E-Girls and VSCO Girls: The Shaming of the Modern Teenage Girl

We all know that one girl. She’s got the big t-shirt, the scrunchies and a hydro flask with stickers on it that say "save the turtles." Or maybe you know the other one. The one who wears dark skinny jeans, white Nikes and has her hair in half-up, half-down pigtails every day. Whether it be your resident VSCO girl or e-girl, we all know one. You may even be one, and you know what? That's okay.

These tropes of the 2019 teenage girl seem like a fun, light-hearted joke now and things have certainly lightened up, but it didn’t start out that way. I remember when this whole thing began, it was a while ago when Tiktok started to really hit its peak. I recall the videos of girls in the traditional “e-girl uniform” (a t-shirt with a long sleeve shirt underneath, black jeans and Nikes) doing trendy dances to 15-second clips of songs, just having fun and feeling cute. However, the comments sections of these posts were not all that fun. It was mostly vulgarity and crude names, shaming these girls for just having fun.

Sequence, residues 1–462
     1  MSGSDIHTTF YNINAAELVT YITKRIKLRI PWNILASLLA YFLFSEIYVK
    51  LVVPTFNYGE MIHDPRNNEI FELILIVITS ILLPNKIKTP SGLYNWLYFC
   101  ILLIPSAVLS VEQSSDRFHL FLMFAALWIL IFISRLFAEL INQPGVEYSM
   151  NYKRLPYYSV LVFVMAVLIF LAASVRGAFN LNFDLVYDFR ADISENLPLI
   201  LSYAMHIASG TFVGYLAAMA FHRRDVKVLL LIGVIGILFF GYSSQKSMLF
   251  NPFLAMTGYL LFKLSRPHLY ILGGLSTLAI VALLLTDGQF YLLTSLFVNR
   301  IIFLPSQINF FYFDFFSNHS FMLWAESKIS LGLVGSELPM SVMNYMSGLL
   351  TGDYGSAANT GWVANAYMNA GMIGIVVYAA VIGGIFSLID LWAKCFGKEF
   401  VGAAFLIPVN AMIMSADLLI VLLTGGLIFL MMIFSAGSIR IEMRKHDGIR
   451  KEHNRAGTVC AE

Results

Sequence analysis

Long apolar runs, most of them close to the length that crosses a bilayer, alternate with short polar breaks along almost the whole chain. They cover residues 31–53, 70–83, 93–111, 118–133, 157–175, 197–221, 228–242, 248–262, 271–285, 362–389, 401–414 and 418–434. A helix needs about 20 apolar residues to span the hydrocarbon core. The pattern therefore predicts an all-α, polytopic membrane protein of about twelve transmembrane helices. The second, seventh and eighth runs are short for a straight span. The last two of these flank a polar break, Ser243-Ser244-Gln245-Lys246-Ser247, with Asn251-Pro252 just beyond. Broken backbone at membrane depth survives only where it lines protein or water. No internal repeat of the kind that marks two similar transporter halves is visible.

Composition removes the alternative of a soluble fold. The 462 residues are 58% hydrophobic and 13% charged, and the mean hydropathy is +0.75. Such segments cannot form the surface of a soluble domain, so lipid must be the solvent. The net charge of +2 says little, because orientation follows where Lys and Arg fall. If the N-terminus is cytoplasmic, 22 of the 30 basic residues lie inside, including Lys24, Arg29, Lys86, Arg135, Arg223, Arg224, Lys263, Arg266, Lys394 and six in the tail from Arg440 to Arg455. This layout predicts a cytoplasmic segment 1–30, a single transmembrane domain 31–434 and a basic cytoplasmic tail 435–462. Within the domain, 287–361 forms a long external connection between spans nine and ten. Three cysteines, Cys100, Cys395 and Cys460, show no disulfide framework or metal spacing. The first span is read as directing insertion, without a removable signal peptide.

That’s what I don’t understand. Why aren’t these girls allowed to have fun? Calling someone an e-girl or a VSCO girl (in a negative context) is just an excuse to shame those teenage girls who are just enjoying things. So what if someone likes to wear chains on the side of their pants and put on eyeliner? So what if someone likes to wear scrunchies and use their reusable straws? These girls are allowed to have fun, as long as it’s not at the expense of others and no one gets to say otherwise. If you think it’s cringy, you don’t have to watch their content and you absolutely have no right to tear them down in the comments. Let teenage girls be teenage girls. 

Images: 123